Loose Canons12.08.17

Loose Canons: Pati Solomona Tyrell

Pati Solomona Tyrell opens his work Fa'aafa at The Basement this week. He lets us in on some of his inspirations.

Loose Canons is a series in which we invite artists we love to share five things that have informed their work. Meet the rest of our Loose Canons here.

Pati Solomona Tyrell is an interdisciplinary visual artist with a strong focus on performance. Originally from Kirikiriroa, Waikato and now based in Maungarei, Tāmaki Makaurau, Pati uses lens-based media to create visual material centered around ideas of urban Pacific queer identity. He's shown work at Fresh Gallery Otara, PAH Homestead, Museum of Contemporary Arts Australia, and most recently at the Pingyao International Photography Festival. Pati is a co-founder of the arts collective FAFSWAG and a graduate of the Bachelor of Creative Arts at the Manukau Institute of Technology, Otara.

This week Pati opens new work Fa'aafa at the Basement Theatre, which combines Sāmoan oral traditions, adornment, movement and sound.

Solomona & Aotea

As a young queer Sāmoan it means so much to have the support of my parents and siblings. Often the stereotypes of relationships between queer Pacific people and their parents/families are negative ones, where there is no support or where children are cut off. My experience is one of many that stands as a counter-narrative: "It doesn't matter what you are, you are my son and I love you. All that I want is for you to be successful in whatever you do." My parents are very supportive of my art practices. Home was always filled with song & dance; my body always had inspiration to move and create.

Being the orator that he is, Dad has been helping me a lot lately with my writing and translating poetry into Sāmoan for new film and stage works. They are always very apologetic when they are unable to attend one of my shows, as they fear I think they don't support me enough, but in fact their love and acceptance of who I am is the very source of my creativity.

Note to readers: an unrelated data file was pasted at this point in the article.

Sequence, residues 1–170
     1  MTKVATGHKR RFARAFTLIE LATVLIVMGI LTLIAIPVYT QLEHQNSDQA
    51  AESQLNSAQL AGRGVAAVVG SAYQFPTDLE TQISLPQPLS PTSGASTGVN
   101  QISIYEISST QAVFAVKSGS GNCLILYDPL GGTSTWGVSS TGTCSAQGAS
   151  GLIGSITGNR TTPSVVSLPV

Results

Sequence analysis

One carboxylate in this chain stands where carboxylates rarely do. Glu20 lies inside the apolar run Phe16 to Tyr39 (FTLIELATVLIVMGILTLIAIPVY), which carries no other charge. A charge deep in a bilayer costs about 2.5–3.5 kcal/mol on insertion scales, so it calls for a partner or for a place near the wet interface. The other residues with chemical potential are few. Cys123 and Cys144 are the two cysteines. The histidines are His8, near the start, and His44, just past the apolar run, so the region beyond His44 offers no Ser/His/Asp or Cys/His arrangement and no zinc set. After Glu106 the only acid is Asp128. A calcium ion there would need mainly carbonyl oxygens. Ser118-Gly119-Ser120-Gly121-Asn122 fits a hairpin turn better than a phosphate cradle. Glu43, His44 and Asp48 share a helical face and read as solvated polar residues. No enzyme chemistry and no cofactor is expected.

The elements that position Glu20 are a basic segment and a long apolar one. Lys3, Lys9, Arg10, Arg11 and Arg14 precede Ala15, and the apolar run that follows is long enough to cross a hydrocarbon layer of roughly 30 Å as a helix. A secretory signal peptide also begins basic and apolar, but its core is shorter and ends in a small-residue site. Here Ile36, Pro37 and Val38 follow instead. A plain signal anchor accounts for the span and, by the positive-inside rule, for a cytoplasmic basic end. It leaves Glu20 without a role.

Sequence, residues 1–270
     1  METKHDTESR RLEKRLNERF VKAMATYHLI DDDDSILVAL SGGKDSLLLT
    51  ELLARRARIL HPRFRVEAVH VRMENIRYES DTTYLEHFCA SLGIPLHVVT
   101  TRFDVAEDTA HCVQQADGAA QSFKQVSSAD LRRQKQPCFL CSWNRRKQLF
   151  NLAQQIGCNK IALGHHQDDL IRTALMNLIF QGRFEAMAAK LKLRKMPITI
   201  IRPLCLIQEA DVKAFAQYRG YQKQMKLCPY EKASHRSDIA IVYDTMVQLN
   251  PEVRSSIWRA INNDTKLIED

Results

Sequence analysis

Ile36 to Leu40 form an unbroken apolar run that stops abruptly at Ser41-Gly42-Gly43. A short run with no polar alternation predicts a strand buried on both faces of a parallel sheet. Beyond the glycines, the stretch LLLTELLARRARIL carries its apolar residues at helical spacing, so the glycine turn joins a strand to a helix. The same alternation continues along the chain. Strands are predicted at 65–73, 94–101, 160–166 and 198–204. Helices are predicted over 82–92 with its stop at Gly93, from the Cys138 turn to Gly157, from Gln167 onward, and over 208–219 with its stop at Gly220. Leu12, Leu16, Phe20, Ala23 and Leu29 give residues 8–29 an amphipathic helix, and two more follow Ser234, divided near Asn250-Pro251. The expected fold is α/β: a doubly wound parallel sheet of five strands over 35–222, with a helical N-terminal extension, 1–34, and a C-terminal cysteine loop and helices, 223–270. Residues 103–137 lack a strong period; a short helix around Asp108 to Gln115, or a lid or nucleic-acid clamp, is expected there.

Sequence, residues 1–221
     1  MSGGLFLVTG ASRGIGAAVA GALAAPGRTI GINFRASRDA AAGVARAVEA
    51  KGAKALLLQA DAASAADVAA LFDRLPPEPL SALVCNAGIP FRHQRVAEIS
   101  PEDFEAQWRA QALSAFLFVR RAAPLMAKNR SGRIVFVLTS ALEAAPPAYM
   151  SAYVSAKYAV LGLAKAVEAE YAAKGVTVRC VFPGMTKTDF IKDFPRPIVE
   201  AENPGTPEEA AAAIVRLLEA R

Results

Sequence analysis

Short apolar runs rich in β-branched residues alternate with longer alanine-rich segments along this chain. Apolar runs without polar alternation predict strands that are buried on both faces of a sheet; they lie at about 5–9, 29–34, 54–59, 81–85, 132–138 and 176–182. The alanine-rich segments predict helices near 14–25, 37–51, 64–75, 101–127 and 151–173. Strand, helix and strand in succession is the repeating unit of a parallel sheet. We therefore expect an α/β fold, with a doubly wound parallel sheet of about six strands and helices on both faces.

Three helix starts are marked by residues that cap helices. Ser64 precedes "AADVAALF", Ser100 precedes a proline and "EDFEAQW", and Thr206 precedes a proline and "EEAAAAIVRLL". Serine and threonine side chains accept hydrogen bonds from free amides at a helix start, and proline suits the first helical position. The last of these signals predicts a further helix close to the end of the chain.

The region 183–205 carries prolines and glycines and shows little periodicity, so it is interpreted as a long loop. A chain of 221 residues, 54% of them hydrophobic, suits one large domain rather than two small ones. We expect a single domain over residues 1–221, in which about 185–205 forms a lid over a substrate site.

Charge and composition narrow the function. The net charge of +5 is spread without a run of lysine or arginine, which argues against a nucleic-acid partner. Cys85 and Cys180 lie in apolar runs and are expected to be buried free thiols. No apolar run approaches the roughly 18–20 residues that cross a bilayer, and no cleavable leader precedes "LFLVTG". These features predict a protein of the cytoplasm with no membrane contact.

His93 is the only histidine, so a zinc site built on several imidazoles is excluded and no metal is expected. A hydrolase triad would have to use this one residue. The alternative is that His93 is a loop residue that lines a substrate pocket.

I am part of a queer Pacific art collective called FAFSWAG. I grew up in a mostly palagi-populated Hamilton and something I never really had growing up was people who reflected my identity. It's honestly so healthy being surrounded by unapologetic, queer Polynesian creatives. We are always creating together, challenging and bouncing ideas off each other, and calling out each other's bullshit. It's just good vibes to be navigating new territory with like-minded people. Watching their ideas manifest into magic, seeing their careers flourish and just doing life with this lot inspires me on a daily.

Rosanna Raymond

Throughout my childhood, I took interest in the pantheon of gods and goddesses, their functions and power. The first time I saw Rosanna Raymond was in her photographic work Full Tusk Maiden. I just had to know more, so I did a quick google search and found the other maidens. Though they weren't representations of gods, it was the way they were adorned, painted and photographed. They radiated power in a way that I only ever saw white gods/men captured in. For me it was the first time I saw a representation of a Pacific pantheon. Rosanna's practice is a huge influence on me and the direction of the visuals in my work.


"Water. Earth. Fire. Air. Long ago, the four nations lived together in harmony. Then, everything changed when the Fire Nation attacked." LOL – these four elements of nature have been a huge influence in my making more recently. I've come to realize in my research how important and sacred nature is to my culture and the different ways these four elements are used in Sāmoan ritual and beliefs. They've inspired me so much that they inspired my recent tatau. I now create artworks with the elements marked on my hands.

François / Pavel / Musav

I couldn't pick one, so here's a three-in-one: French ex-porn-star, now artist, François Sagat, Russian Naked DJ Pavel Petel, and Bulgarian erotic dancer Muzav La. Performance, Aesthetics and Body Goals! INSPIRATIONS! *enter wink tongue emoji*

Fa’aafa runs from 15-19 August at The Basement Theatre. Tickets available here.

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The Pantograph Punch publishes urgent and vital cultural commentary by the most exciting new voices in Aotearoa.

The Pantograph Punch publishes urgent and vital cultural commentary by the most exciting new voices in Aotearoa.

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